“Johann Wolfe” is apparently well-known in extreme-right circles both in New Zealand and Australia. Speaking on a podcast run by Australian fascist group The Dingoes, in February 2019, he made racist statements about Maori and also declared that “China is taking over New Zealand” and “sending colonists here.” Like the Dominion Movement, The Dingoes removed its website after the March 15 massacre.
The revelation that a known fascist was allowed to serve for several years in the NZ military, with access to weaponry, should sound alarm bells. One report stated that the arrested soldier announced on social media he had “joined a Nazi organisation” in 2014, the same year he joined the Army. Internationally, as Tarrant indicated in his manifesto, the armed forces, police and other state agencies serve as incubators and protectors for extreme-right forces.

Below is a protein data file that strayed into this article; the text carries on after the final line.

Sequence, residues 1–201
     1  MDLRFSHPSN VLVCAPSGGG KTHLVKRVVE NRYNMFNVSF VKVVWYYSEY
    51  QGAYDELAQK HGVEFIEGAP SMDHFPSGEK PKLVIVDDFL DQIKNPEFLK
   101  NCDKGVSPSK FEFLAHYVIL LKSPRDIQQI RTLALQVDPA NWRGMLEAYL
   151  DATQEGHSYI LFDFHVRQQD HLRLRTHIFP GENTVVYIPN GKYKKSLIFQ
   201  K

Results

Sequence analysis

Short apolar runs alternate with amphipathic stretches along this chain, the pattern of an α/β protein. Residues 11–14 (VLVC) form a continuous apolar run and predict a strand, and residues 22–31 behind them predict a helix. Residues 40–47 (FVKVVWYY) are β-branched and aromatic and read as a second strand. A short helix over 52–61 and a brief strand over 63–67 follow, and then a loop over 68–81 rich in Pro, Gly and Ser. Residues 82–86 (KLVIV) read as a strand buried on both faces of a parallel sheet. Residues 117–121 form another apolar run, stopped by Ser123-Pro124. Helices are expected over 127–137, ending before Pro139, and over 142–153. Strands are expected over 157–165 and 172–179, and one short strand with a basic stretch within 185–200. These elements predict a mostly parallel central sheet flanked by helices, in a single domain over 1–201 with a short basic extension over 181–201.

The charges against “Wolfe” follow an increase in fascist incidents in New Zealand. Soon after Action Zealandia’s vandalism of Yang’s office, the Otago Daily Times reported on January 16 that Bilal Barekzai, a former Afghan refugee who opened an auto-parts business in Milton last August, “had experienced more than 40 instances of property damage and theft, culminating in an alleged arson that engulfed several cars.”
Barekzai said the attacks were racially motivated and he had received a threat saying: “Your days are numbered here. We’ll burn your place fully down sooner or later and then we’ll come after your homes and mosques.” Barekzai complained that police had done nothing to prevent the attacks and “tried to downplay the seriousness of what’s been happening.”
Milton, a small town south of Dunedin, is the location of the Bruce Rifle Club where Tarrant trained with military-style guns before carrying out his massacre. Peter Breidahl, a hunter, went to police in late 2017 to report racist and violent language used by members of the club. Breidahl said police dismissed his complaint, telling him there was nothing to worry about.
On January 22, the Temple Sinai and the Jewish Progressive Congregation in Wellington were spray-painted with swastikas. “Events in New Zealand over the past year and beyond that has left us with a sense of insecurity and vulnerability,” Temple chair Matthew Smith told journalists from NZME publishing.